No charge. No trial. No appeal.


Security rulings demand scrutiny as lives are in limbo.

A WOMAN flees war-torn Sri Lanka where she witnessed horrors and lost loved ones. She is found to be a genuine refugee and eventually seeks asylum in Australia. She lives in the community for over a year with her two young sons, who attend school. Local acquaintances describe her as a caring woman and devoted mother, trying her best in a new country.


But then, newly pregnant and recently remarried, the woman is given a negative security assessment by ASIO and returned to detention, at Villawood, with her children. As is the case with assessments of this kind, the basis on which the nation's intelligence agency came to its decision remains secret. Her acquaintances say ASIO has not approached them for information. The woman is left in the dark, unable to defend herself or seek a review of the decision. All she can do is appeal to the immigration minister to intervene. In the meantime, her life is left in limbo. As a refugee, international law prohibits her forced repatriation to her country of origin. But having been judged a security risk, she may be held in detention indefinitely and with little prospect of deportation to a third country.


This is the disturbing predicament of detainee Ranjini, as Age journalist Michael Gordon reports today. While the individual case comes as a revelation, the serious human-rights implications of a system that is beyond scrutiny on the grounds of national security have been evident for some time. Ranjini is simply the latest asylum seeker - the 47th in ASIO's current caseload - to be caught in the web of secrecy.

It hardly needs to be said that ASIO bears a grave responsibility in screening prospective Australians from volatile parts of the world to ensure their presence poses no threat to the community or to the nation's broader security or strategic interests. Indeed, ASIO's grounds for giving Ranjini a negative security assessment may be entirely sound, but we simply have no way of knowing.


To voice concern about a system that demands every decision be taken on faith and be immune from independent scrutiny is not to call ASIO's professionalism into question. It simply seeks to affirm the principle of natural justice, which at the very least accords individuals the right to know the case against them. This principle ought to be sacrosanct when fundamental freedoms, including those of children, are at stake.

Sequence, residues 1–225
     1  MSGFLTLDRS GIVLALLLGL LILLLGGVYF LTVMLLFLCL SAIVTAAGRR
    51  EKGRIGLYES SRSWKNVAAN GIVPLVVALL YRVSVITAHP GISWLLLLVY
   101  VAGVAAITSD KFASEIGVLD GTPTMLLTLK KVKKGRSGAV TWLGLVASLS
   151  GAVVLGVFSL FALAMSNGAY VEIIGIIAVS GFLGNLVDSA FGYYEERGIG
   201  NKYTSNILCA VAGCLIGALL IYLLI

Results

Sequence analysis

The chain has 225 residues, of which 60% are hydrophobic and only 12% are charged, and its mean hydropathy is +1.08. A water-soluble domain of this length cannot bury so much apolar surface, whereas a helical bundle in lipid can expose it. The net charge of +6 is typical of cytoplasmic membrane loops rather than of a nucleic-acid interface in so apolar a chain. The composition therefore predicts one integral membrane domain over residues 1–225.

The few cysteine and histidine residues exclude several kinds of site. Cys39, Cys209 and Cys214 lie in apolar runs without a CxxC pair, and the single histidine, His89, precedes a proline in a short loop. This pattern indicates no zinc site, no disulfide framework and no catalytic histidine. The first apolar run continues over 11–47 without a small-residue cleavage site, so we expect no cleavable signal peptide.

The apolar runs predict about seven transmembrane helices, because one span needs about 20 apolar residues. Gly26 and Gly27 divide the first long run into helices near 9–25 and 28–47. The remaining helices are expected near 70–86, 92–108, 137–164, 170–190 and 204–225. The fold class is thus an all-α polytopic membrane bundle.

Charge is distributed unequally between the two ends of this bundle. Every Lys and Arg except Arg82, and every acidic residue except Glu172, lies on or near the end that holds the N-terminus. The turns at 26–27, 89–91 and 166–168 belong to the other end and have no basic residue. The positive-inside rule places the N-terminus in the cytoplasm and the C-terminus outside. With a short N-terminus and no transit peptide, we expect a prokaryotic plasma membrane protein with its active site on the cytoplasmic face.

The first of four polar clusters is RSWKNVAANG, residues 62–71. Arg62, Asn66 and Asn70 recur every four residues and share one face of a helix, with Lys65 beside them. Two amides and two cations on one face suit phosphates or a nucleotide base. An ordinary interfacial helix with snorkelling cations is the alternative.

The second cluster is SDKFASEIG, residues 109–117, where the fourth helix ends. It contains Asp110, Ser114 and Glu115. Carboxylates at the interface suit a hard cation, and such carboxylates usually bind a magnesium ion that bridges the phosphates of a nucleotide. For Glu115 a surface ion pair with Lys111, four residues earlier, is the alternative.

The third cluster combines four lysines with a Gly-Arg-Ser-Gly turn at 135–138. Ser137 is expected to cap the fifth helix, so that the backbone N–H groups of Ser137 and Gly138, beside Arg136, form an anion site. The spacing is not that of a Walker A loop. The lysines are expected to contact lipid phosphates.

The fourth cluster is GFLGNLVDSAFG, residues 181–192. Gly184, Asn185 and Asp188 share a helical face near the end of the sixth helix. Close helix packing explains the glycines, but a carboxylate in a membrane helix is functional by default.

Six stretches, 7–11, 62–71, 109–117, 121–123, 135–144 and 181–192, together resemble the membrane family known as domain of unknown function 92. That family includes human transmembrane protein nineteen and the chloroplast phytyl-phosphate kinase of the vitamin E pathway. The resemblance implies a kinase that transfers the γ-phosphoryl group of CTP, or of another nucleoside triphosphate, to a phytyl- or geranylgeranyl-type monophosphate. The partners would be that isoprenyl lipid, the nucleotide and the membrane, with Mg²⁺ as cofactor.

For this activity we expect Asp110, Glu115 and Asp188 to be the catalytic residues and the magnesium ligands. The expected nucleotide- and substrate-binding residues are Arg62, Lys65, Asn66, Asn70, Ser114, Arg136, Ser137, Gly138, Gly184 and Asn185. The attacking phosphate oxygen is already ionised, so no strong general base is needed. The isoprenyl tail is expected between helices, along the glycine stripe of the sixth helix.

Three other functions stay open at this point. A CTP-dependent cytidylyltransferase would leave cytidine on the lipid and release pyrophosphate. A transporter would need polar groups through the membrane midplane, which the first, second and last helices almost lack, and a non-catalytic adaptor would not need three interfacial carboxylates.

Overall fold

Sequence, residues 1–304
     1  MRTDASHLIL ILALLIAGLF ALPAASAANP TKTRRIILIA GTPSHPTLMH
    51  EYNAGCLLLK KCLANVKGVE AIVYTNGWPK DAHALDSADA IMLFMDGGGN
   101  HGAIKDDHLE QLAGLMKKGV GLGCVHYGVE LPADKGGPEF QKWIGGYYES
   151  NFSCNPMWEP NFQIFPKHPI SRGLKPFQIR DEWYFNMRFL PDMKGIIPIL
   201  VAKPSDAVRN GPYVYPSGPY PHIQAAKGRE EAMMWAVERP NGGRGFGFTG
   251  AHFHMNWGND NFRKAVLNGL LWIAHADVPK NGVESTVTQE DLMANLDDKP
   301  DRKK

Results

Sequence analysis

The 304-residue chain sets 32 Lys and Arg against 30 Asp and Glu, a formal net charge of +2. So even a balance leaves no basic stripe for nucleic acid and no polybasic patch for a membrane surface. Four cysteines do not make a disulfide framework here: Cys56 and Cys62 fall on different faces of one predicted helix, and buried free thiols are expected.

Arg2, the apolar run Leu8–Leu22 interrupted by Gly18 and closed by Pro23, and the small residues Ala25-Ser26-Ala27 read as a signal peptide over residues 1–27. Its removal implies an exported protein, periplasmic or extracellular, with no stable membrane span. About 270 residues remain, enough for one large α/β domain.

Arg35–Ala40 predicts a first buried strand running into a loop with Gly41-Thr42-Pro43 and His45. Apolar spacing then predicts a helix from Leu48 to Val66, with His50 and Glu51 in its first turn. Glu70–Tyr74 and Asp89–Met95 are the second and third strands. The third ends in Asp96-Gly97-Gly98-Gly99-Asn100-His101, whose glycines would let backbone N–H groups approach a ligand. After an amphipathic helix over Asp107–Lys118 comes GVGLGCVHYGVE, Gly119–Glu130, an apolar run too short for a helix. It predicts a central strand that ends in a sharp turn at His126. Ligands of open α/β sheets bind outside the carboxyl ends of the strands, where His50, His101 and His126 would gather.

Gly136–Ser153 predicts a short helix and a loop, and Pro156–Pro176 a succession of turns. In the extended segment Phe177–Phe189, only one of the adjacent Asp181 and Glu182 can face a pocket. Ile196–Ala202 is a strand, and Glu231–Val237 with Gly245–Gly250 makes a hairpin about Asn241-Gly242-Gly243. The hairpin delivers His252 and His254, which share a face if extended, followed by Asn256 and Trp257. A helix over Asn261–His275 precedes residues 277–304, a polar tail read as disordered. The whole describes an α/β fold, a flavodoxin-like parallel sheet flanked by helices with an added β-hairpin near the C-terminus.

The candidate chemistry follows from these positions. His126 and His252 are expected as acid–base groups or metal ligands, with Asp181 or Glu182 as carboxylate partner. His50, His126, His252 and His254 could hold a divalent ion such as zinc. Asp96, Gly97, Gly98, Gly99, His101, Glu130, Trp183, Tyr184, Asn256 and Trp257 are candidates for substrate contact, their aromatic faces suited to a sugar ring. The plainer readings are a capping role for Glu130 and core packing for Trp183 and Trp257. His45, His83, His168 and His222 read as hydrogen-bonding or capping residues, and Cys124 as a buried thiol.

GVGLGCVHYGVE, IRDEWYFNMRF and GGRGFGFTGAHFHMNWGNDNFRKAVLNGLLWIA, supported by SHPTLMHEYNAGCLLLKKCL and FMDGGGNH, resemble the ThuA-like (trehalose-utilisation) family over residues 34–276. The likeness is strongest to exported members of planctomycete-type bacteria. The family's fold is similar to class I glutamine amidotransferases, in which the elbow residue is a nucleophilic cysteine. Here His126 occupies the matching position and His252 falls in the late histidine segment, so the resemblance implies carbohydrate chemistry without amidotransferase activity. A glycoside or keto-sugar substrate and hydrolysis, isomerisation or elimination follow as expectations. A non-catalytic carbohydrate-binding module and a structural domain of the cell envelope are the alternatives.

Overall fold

At present, however, the public cannot even know the general criteria that trigger an ASIO investigation. As ASIO director-general David Irvine recently explained to a Labor-chaired parliamentary inquiry into Australia's immigration detention network: ''Once the criteria for making assessments are known, then you will find very quickly that all the applicants will have methods of evading or avoiding demonstrating those characteristics.''


The committee recommended in March that the ASIO Act be amended to allow for administrative review of security assessments of refugees and asylum seekers in a manner that does not compromise national security.


It also questioned whether indefinite detention need always be the consequence of a negative assessment. The process for review would need to balance human rights against national security, but the task is hardly beyond the capacity of Australia's experts.


Of course, when it comes to asylum seeker policy, politics too often trumps principle. Despite the committee's recommendations and a similar call for reform at Labor's national conference last year, acting Attorney-General Jason Clare would only commit the government to ''methodically work its way through these complex issues before commenting further''.


Ranjini may be waiting a long time before the government speaks.

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